WASHINGTON, Nov. 15, 2013 – Agriculture Secretary Tom Vilsack reiterated his department’s commitment Thursday to helping the growth of the renewable fuel industry as stakeholders anxiously await the EPA’s decision on setting the Renewable Fuels Standard (RFS) requirement for 2014.
“I don’t know what the EPA is going to do … but we need to be more aggressive on renewable fuels,” Vilsack said. “We need higher blends of ethanol.”
In addition to comments about renewable fuels, Vilsack again expressed his concern about getting a long-term farm bill approved this year.
Outside a conference sponsored by Politico, Vilsack said there is still an expectation that increasing amounts of ethanol should be produced “because there’s a demand.”
“I will continue to focus on what I can control … continued investment in new opportunities for bio-refineries,” Vilsack said. “And continued support to the industry to work around the oil industry so we can create distribution facilities and availability of this fuel at higher blends so people … can use E85.”
The administration, according to a leaked EPA draft rule, is considering a plan to require 15.2 billion gallons of ethanol and biodiesel to be blended into gasoline next year. Congress initially wrote an 18.15 billion gallon mandate. Conventional corn ethanol would be dropped by 1.4 billion gallons to 13 billion gallons.
Vilsack said more incentives need to be offered to get gas stations to offer more ethanol pumps, and noted that reliance on foreign oil has decreased in recent years.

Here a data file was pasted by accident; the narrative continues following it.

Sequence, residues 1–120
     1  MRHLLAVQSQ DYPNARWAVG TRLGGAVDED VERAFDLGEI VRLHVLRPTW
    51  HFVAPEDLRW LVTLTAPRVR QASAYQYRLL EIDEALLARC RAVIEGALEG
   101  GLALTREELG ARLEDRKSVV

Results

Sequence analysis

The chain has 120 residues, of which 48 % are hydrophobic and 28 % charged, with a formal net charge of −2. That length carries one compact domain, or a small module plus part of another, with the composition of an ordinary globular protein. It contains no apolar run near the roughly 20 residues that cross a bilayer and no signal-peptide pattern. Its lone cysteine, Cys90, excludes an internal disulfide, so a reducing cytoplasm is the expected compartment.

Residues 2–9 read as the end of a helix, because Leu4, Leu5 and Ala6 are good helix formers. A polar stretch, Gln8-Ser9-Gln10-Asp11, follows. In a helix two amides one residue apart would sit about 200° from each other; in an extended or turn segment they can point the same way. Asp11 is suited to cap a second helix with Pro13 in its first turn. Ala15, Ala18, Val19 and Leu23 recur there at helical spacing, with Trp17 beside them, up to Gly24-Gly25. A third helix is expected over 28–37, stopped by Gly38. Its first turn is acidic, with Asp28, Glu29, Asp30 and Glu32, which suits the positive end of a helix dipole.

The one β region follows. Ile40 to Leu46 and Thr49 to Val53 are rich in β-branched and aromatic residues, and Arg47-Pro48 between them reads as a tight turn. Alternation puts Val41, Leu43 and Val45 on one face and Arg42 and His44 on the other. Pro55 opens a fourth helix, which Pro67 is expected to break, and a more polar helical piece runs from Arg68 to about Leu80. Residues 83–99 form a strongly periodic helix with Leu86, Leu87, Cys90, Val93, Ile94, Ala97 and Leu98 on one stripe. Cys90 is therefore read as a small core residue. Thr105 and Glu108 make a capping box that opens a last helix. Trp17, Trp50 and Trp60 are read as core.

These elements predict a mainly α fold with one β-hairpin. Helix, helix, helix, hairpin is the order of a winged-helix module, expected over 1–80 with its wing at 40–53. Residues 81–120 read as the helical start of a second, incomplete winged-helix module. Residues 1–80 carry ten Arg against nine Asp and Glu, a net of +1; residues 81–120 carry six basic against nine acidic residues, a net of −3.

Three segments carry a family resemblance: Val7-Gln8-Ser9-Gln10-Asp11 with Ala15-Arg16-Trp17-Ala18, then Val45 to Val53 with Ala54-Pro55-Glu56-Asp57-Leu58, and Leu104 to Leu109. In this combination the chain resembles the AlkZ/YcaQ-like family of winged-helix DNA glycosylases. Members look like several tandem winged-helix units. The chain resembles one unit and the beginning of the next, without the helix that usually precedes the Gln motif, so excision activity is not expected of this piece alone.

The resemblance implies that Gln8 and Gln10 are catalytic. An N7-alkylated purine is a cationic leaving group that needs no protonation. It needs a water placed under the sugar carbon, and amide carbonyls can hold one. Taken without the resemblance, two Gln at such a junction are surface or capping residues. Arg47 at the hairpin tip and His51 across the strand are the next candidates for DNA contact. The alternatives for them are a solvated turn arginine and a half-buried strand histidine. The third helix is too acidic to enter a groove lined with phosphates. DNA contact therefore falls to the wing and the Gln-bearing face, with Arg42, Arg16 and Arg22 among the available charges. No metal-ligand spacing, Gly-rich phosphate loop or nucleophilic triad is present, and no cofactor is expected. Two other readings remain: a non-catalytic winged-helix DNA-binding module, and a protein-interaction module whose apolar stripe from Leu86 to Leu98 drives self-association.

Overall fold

Further, he said any impact from increased corn usage for ethanol in terms of food prices has been “minimal at best.” He stressed a correlation between ethanol and job creation and “more stable income for farms.”
Rep. Steve King, R-Iowa, said while Vilsack cannot force EPA’s hand, he should send a stronger message to increase ethanol use. “E85 will get you further per mile than any other fuel,” King said. “It’s the best buy on the market.”
On the farm bill, Vilsack reacted to reports that House Speaker John Boehner, R-Ohio, wants to keep farm policy legislation and the budget bill separate by saying, “Anyway we can get a farm bill, we need to get a farm bill, so if it is not tying it to the budget or if it is tying it to the budget whatever, but at end of the day, we need a farm bill.”
Vilsack said he has had many producers tell him they are stepping back on plans to buy equipment, expand operations, or start new ventures.
“Because they’re just uncertain on what the programs will be,” Vilsack said. “That uncertainty is making it more difficult for the rural economy to recover.”
Vilsack said the lack of a bill is stalling a part of the economy that has been doing well.
He further scoffed at the concept of another extension – even as short as three months to get past the budget and debt ceiling issues. Congress is expected to offer a plan by mid-December to deal with the budget issue and to enact a plan by Jan. 15.
“The reality is if they have the capacity to get the budget done, they obviously have the capacity to get a farm bill done, so there’s no need for extension,” Vilsack said. “This is nonsense, absolute nonsense. We’ve had enough extensions. We can’t be kicking the can down the road permanently, we need to make decisions here.”
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